UU gets inventive in tight spot

An unusual site and a tight time frame could have spelt trouble on a complicated project. But close partnership working and creative thought ensured successful and timely delivery, as Atkins' senior project team leader, Martin Meadows, explains

At the start of the AMP4 programme, United Utilities (UU), Montgomery Watson Harza (MWH) and Galliford Costain Atkins joint venture (GCA JV) formed the Southern Area Integrated Alliance to ensure timely delivery of UU’s £470M framework programme.

The Wigan Inlet Works scheme is a maintenance project to replacing failing assets, safeguard plant performance and ensure discharge is in line with current Environment Agency standards. In September 2005, UU awarded solutions identification and development phase design to GCA.

GCA’s target was to review the initial solution, develop and agree cheaper and safer alternatives, and produce design information suitable to agree a cost, all by the end of December 2005. To achieve construction spend by the end of the financial year, design commenced in parallel with pricing, ensuring an integrated, teamwork approach to the delivery of this challenging project.

Additional problems occurred when the proposed site became unavailable. This left GCA with a challenge, as the only available land was a small triangular plot adjacent to the existing operational inlet works.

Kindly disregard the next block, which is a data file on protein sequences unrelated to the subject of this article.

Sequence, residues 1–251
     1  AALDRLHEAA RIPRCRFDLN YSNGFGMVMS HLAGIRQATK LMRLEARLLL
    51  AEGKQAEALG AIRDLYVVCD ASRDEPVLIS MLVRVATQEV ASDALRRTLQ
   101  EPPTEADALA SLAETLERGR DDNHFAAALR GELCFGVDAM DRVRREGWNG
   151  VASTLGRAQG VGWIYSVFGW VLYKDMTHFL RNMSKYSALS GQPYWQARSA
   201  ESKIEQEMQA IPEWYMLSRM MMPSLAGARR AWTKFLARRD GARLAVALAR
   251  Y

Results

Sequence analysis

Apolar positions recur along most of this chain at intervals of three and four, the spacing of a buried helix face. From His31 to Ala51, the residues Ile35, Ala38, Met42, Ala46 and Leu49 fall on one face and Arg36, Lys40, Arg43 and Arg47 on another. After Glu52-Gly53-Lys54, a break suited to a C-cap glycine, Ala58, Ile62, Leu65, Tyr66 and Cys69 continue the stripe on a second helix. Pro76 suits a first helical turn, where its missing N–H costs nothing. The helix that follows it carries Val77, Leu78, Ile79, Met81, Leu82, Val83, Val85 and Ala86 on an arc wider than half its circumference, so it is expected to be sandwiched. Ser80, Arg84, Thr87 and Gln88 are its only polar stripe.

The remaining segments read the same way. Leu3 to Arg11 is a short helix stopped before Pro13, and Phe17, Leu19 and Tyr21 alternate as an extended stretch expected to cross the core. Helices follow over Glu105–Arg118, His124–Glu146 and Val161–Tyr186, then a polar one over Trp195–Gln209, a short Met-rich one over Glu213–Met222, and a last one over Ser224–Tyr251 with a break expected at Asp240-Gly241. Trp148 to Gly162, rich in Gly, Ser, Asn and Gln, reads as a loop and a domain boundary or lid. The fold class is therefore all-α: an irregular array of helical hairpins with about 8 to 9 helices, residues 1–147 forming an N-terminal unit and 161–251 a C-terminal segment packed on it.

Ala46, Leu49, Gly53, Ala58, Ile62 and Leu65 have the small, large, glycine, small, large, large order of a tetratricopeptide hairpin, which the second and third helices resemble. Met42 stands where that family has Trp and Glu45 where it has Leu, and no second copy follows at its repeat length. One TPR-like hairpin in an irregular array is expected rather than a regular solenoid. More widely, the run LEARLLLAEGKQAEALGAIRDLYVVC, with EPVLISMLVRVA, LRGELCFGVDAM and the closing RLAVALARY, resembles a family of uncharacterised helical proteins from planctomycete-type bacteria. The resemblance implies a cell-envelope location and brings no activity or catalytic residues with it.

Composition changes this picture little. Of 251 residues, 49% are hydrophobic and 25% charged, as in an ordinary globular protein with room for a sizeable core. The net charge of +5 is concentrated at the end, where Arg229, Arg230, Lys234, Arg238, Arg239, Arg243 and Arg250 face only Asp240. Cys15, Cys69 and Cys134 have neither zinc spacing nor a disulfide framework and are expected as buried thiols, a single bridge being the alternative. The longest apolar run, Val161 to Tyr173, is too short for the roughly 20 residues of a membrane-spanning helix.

Inlet works solution

Numerous options were considered. The team finally developed an option that both worked and fitted within the tight constraints of the unusually shaped site. The plan was to move away from the traditional in-series detritor layout and incorporate an unconventional clustered grit detritor arrangement.

The main elements were:

  • Main sewer intercept chamber and connecting 2.4m diameter sewer
  • A series of coarse bar screens upstream of 9.0m deep wet/dry well-pumping station
  • Elevated fine screens structure with interconnecting channels to the clustered grit detritor arrangement
  • Process buildings incorporating main MCC
  • Washpactors and collection skips/conveyors
  • The process areas are odour controlled

Once the clustered solution had been agreed, GCA’s main task was to turn the concept into reality in a short space of time. The first step was to submit a new planning application, which was supported with the aid of 3D images. These were cut from a visualisation model prepared for the scheme.

The 3D fly-through model also proved useful with United Utilities operators and the contractor. It was used to gain a full appreciation of the project solution and its complexities from a construction and health and safety point of view. It increased operator confidence by demonstrating access and operability issues. The model was also linked to GCA’s construction programme, demonstrating to UU that the works could be constructed safely within the tight confines of the site and to the company’s programme dates.

Hydraulic design was also key to the success of this project. Atkins’ hydraulic specialists developed a range of hydraulic profiles for various flow scenarios and operational maintenance conditions. The flow split to the clustered detritor arrangement proved challenging, as an equal flow split between the detritor inlets and outlets was required to ensure optimal plant operation.